Final Fantasy XIII-2 (that’s right, it’s “thirteen two”, not 14) is the follow up to Final Fantasy XIII, which sets out to extend the epic story of it’s predecessor as well as to tidy up some of the things that drew some criticisms as well. This game came out about a year ago, but I’ve picked it up and dusted it off to give it a run through and the full review treatment.
For those of you who haven’t played a game in the Final Fantasy series before, here are some things you need to know. First and foremost, almost every game in the franchise is an entirely independent plot – all based in the same universe, but you don’t need to have played any of the games prior to another to get what’s going on – with the exception of these sequels – which follow on from the numbered game they are named after.
The game picks pretty much immediately after the conclusion of FF13, everyone is happy, life is great and everyone is safe … but wait, then something changes and everything goes pear shaped. Lightning is suddenly gone, and the only one that remembers that she survived the final battle is her sister Serah, who has memories of the conversation they had afterwards – to her it seems like she’s either going crazy, or someone has changed time. The later is what forms the premise for this game – timelines have been messed with and Serah ends up setting out to find her sister and save her from where ever or when ever she is.
In typical Final Fantasy style, you’ll find yourself running through worlds, running in to random monsters in some places – kicking their butts – and then continuing on, solving the odd puzzle or two on the way. This game is much more open ended than the original FF13 was and that hinges on this time travel mechanic. There are points in the game where you need to find some random item throughout time and it could be more or less anywhere, leaving you free to open time gates to anywhere you can find and just exploring your way around and solving mini side quests along the way.
The game looks pretty much the same as FF13 – there are some places where it does look a bit better, and some of the effects in regards to the time warps and the levels lost in time are kind of funky to look at as well. The cut scenes are full of pre-rendered sexy – which has been a staple for the franchise to date – and you will enjoy watching them as the pop up throughout the game. There is one exception to this though, and that happens when you load your game up and get a “story so far” video. These clips don’t appear to be very high res at all when you compare them to the main cut scenes, and while this isn’t a big deal – it just seems odd when you compare them to the quality of the rest of the games cinematic works.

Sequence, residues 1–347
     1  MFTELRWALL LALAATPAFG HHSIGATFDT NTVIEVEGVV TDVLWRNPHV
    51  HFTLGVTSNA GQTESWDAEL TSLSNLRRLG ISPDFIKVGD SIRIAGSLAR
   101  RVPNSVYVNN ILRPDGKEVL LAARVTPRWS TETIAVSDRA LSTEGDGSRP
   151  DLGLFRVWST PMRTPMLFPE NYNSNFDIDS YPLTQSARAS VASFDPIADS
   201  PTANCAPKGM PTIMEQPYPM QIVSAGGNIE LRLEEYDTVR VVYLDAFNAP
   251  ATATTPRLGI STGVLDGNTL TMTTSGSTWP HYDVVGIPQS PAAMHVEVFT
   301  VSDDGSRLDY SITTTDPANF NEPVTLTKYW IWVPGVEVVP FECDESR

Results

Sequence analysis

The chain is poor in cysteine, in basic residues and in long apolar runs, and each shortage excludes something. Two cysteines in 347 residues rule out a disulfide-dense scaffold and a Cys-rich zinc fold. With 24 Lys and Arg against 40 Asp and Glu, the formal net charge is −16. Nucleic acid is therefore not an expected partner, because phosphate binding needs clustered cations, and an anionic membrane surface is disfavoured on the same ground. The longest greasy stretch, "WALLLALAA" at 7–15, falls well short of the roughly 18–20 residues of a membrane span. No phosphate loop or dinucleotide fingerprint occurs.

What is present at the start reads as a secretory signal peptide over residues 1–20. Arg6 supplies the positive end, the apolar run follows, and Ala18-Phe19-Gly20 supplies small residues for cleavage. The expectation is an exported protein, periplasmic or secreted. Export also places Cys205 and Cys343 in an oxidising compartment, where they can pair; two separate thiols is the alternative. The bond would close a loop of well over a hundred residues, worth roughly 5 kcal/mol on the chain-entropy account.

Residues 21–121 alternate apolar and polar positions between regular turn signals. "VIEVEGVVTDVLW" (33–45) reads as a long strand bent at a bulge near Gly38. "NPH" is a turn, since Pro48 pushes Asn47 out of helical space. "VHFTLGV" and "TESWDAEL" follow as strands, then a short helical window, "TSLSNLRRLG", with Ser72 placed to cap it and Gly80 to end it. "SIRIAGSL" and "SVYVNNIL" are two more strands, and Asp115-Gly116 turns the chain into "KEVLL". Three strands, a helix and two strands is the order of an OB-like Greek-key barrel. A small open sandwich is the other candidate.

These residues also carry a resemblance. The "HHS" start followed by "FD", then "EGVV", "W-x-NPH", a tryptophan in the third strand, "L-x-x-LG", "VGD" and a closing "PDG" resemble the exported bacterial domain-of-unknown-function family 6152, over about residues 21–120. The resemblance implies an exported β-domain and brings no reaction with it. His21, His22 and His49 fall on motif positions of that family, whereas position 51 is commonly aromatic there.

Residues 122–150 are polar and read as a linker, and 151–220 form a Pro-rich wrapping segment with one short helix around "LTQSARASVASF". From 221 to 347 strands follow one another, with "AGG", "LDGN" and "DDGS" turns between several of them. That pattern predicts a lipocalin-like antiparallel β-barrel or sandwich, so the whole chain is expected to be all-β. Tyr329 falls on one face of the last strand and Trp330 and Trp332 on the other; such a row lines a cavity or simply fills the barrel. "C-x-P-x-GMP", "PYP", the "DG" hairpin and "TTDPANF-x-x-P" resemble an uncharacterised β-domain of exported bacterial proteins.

There is also a decent number of different environments throughout the game as well, each of which do look quite nice on their own, but you will also be led through some locations twice and get to see some different looks of the same places, which will also help draw your eyes to some of the eye candy in each version of a specific world.
Audio wise the game delivers plenty of goodness for your ears as well – the voice acting is packed in to every corner of the game, and while being a little cheesy at times, it does make it much easier to be immersed in the game and get yourself dragged in to the plot. The sound effects are fairly generic though, you’re typical sounding impacts, magic sounds and explosions are there in spades.
Gameplay wise, this game feels very similar to FF13 – there are a number of things that got changed though. For this game you will only ever play as Serah and her companion Noel – so no more party management and worrying about individual characters. Also the crystalarium where you level up your characters has been dumbed right down as well to make it entirely linear. To make up the third character in your group though you get to substitute in a ‘monster’, which you can capture in the wild and then level them up yourself and then fit them in to your party – each monster has a single class, so when defining paradigms for battle the monster fighting will change to swap paradigms while Noel and Serah just change roles.
Also there has been some thought given to the cinematic feeling of the key battles as well, adding a special ‘cinematic’ mode where you have to press buttons in time as prompted by what comes on to the screen to add additional damage and general coolness to some of the bigger fights in the game.
All in all, this is not a bad game. If you had asked me what I thought of it when I was about half way through (around 13 or so hours in, the whole game took me around 28-30) I would have said that it was a worthy follow up to a great game, that while not living up to the lead set by FF13, is still a fun game to play. The back half of the game is where things went wrong for me. The rate at which monsters spawn on you begins to get a bit insane – there are a couple of key levels where I first started to time the gap between combat encounters, and it ran in at around 12-15 seconds! That’s right, I was running through a level for 12 seconds, and then having to stop and do a good minute or so of fighting, then another 12 seconds and then you guessed it, another encounter. This made the combat become very tiresome very quickly, and when trying to solve a puzzle while putting up with that I got a little mad – and then in one of the final levels where at some points the gap dropped to around 5 seconds, I swear I almost threw my controller across the room, screamed bloody murder at the TV, and then stormed upstairs to read a book as part of the gamer inside me dies a little. Now it didn’t quite come to that, but it was very close and was beyond frustrating to play through.
That drawback included, the game is still not bad, but if it was a little more balanced between the combat and puzzle solving elements of the game, it could have been much, much better.